Stalls with a view OCEAN VIEW HIGH SCHOOL will host its annual carnival on 15 and 16 April at the school. There is still space for stalls. If you are interested in hiring a stall, phone (021) 783-1623.
Tuesday 22 March 2011
People’s Post False Bay Page 3
Join the navy for a day
BIG BANG: A 30 cm cannon at the Middle North Battery above Simon's Town was fired for the first time in 108 years on Wednesday 16 March after it was restored by the Cannon Association of South Africa. Members of the association could be seen jumping for joy after it successfully fired its 5 kg charge. The cannon was discharged as a trial run for the Navy Festival in April.Photo: Chad Chapman
Glencairn hotel auction abandoned Two offers on the property expected today THE auction of the Southern Right Hotel property and a neighbouring property was called off on Friday. Liz Heydra, who handles communications for Greeff Properties, says only one bidder showed up on the day of the auction.
“We had to cancel the auction,” says Heydra. Matt Rich, also from Greeff Properties, says the one bidder who did show up will put in a offer for the property today. He says they are also expecting a second offer to come through today, but would not confirm anything as yet.
He says the person who was to put in the second offer was not prepared by the time the auction started on Friday, and was relieved to hear that there is still an opportunity to purchase. The property, owned by Glencairn Hotel (Pty) Ltd, comprises the entire erf 2454 – including the hotel, the vacant land to its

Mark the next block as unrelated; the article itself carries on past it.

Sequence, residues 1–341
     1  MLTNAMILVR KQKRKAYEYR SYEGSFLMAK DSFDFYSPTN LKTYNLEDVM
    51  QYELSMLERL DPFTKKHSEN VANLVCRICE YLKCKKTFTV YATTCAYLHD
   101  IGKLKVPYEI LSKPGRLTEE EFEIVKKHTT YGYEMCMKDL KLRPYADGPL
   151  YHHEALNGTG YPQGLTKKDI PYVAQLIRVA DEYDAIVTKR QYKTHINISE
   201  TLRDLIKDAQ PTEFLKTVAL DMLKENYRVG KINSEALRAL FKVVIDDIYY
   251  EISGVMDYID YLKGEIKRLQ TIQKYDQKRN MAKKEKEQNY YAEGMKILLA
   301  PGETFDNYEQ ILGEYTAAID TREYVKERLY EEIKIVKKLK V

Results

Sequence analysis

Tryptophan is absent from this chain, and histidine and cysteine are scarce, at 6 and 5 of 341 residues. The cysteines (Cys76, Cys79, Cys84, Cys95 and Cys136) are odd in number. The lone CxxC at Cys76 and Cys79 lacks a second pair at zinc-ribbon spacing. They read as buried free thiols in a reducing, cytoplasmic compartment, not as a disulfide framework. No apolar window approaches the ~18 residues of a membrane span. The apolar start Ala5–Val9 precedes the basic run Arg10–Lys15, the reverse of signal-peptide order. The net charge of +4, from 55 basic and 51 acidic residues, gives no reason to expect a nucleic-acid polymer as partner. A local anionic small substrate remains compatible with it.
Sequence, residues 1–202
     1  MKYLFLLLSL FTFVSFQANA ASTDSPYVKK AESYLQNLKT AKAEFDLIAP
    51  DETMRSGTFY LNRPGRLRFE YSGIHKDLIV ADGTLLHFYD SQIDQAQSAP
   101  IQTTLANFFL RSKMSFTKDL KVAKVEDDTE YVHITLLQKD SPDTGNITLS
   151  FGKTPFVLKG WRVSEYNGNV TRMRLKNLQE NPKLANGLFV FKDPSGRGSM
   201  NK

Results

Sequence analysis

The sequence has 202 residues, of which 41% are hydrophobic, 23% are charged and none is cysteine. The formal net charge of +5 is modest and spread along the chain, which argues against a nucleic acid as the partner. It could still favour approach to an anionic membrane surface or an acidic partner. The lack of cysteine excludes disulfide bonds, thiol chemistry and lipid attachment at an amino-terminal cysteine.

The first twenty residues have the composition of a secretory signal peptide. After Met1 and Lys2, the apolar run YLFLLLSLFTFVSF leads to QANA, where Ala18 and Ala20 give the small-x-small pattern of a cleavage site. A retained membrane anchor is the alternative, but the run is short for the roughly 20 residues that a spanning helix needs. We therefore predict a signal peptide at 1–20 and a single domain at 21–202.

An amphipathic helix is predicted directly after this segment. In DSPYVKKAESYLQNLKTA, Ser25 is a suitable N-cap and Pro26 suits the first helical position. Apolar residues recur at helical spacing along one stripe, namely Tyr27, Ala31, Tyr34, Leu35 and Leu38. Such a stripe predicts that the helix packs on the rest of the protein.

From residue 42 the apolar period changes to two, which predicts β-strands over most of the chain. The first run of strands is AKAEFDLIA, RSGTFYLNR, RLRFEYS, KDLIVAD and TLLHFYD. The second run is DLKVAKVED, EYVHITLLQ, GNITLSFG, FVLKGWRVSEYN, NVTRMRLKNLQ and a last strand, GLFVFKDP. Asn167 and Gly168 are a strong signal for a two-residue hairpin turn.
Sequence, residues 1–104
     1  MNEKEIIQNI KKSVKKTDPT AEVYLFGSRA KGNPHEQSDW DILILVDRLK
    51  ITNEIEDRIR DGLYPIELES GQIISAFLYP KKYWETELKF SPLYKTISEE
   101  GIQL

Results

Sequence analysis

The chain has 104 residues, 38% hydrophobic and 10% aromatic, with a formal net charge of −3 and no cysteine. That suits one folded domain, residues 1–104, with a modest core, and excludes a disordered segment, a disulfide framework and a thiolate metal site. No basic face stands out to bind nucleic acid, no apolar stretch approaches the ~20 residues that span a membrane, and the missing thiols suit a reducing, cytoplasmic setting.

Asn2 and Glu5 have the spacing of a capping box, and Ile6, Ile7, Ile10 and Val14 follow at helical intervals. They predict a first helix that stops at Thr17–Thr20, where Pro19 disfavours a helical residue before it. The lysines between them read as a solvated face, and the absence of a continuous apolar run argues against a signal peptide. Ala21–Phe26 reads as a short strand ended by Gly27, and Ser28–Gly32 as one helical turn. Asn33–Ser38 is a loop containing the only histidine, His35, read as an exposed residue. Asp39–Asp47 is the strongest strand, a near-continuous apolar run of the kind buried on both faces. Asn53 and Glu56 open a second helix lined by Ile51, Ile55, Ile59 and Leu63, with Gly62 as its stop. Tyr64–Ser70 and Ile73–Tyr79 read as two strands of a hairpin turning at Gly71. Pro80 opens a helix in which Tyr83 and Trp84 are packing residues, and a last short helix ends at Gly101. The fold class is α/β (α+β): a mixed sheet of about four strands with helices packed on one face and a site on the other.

City ups security at stations THE City of Cape Town will soon be extending the operational hours of security guards at 10 park-andrides along the Southern Suburbs railway line. The security is meant to coincide with Metrorail’s recently-extended timetable that will see three new evening trains on the line. Robin Carlisle, Western Cape MEC for Transport and Public works, says his department has provided funding for extra security on these trains to ensure that commuters are safe throughout their trips and at train stations.
The new trains will depart from Cape Town at 19:30, 20:30 and 21:15 and stop at all stations along the line. The trains will travel to the end of the line at Simon’s Town station and then return to Cape Town. Security at the park-andrides at Claremont, Kenilworth, Plumstead, Diep River, Heathfield, Retreat, Lakeside, Fish Hoek, Muizenberg and Simon’s Town stations will be extended until 30 minutes after the last train has left that station.
This extended evening service on the southern rail line forms part of a collaborative pilot project between Metrorail Western Cape, the Provincial Ministry of Transport and Public Works and the City of Cape Town to promote public transport. The project will run for six months initially and could be be extended if deemed successful. The success of this pilot could see similar services introduced on other lines in the city. Both services will begin on Monday 28 March.
left and the commercial node with six businesses currently operating on the left – and erf 235, which includes the parking space. Frans Hollenbach, major shareholder of Glencairn Hotel (Pty) Ltd, could not be reached for comment before going to print.
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ORVILLE WRIGHT took the Flyer that he and his brother Wilbur built into the air for what has come to be known as the first powered flight at 10:35 on Friday 17 December 1903. Earlier, unbeknownst to them, Gustave Whitehead and Richard Pearse were also experimenting with flying machines. Who actually took first to the sky remains a controversy. – (www.didyouknow.org)